How to Know if You Have Leadership Capabilities – Be True to You

Are you considered a leader on your team? If you think you’re a leader, or want to be, here are some identifiers:

  • Do your teammates generally follow your lead?
  • Do you often think about how to make the team better?
  • Do your teammates come to you when they have a problem or a solution?
  • Do you feel like you could get your team to do extra work?
  • Do you feel like the coaches count on you to help them steer the team?
  • Do your coaches often ask you questions on how to find solutions to issues on the team?
  • Are you authentic?

These are just some of the identifiers. There are many more. Being a leader comes with a lot of responsibility. Many student-athletes want to be leaders but are not willing to hold themselves or others accountable. Other athletes don’t want the responsibility that leadership requires. Some are scared of the role and don’t have that pressure put on them, especially when things don’t go so well.

Group of female athletes taking a selfie

What does leadership look like?

Here is a list of some of the characteristics of leaders

  • Puts the team before self
  • Serves teammates
  • Authentic and genuine
  • Positive influence
  • Can take a stand on an issue
  • Doesn’t take advantage of the role
  • Empowers other teammates
  • Solution-oriented thinker; finds an answer to solve problems
  • Holds self and others accountable
  • The same person in front of coaches and players
  • Doesn’t say one thing to some team members and something else to others
  • Honest and transparent
  • Can put herself in the shoes of her teammates and have an understanding
  • Confident decision-maker

These are all great characteristics, but not everyone can adhere to them. “Leader” is a great title, but, if you are truly going to lead, you have to sacrifice your own agenda for the team’s agenda. If you are going to lead, then the team comes first. It is harder than it looks, especially when things get tough or you’re in a crisis situation.

You may have already experienced these challenges during this past year in dealing with COVID. It’s a little more difficult to step up and take responsibility when times are tough.

Girl in plaid shirt and glasses with computer open contemplating and looking off to the side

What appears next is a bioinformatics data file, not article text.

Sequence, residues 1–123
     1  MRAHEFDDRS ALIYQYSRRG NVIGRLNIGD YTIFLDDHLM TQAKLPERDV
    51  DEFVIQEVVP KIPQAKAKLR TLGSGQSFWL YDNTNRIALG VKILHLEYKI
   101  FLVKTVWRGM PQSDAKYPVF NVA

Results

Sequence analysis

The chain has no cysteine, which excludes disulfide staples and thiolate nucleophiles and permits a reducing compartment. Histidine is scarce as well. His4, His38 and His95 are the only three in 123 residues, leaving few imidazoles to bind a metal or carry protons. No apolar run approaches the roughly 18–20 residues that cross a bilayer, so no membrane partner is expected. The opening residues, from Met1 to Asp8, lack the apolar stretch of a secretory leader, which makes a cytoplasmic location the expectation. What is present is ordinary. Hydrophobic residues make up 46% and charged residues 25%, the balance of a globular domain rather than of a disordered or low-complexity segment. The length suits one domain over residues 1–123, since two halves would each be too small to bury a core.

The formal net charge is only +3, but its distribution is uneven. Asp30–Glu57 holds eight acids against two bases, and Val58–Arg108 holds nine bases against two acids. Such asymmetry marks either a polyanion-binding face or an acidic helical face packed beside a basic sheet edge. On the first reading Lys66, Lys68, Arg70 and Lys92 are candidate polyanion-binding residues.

In times of crisis, do you think you can:

  • Voice an opinion that is not popular, but you know will help the team?
  • Stand by the coach’s choices, even if you don’t fully agree but know they’re the right choices?
  • Risk making your teammates angry at you by doing the right thing?
  • Step up to take responsibility for the teams’ actions when you know the coaches will be angry?
  • Take responsibility for the teams’ play after a loss?
  • Talk to the media after a loss and praise the other team and officials?

It’s not easy being the leader, and it does take some practice. Most leaders are always learning and picking up new ideas on how to improve. Most leaders are never satisfied with where they are as leaders.

This doesn’t mean everyone has to be a leader. If you are a leader, that’s great, but, if you’re not, there is no shame in being a great follower or being a “wing-person” to the leader. There are other very important roles on teams that complement each other and assist in the leadership and the outcomes of teams.

Female huddle in a locker room with orange and black uniforms

Maybe you are a great vocal presence, one of the hardest workers, or the glue to a team. You don’t have to be a leader to assume these roles. Or maybe you are great with pressure situations or you like to help get the team organized or teach the other players the rules of a favorite drill. These roles also don’t require you to be the leader.

There are many characteristics of great teams and leadership is just one of them. In the book Beyond the Talent: Profile of a Winning Team, each of these roles is explained and outlined. When all of these characteristics work in unison, teams reach outcomes beyond what is expected.

You can have any role on your team, but make it a role that fits you and your personality. If that role is the leader, then really work on it. It takes dedication and selflessness to be a great leader. However, if you want to help the team in other ways, there is plenty to do.

The most important thing is to just be the best version of yourself. You will earn much more respect from your teammates and coaches being yourself than trying to be something or someone you are not.

Be true to yourself.

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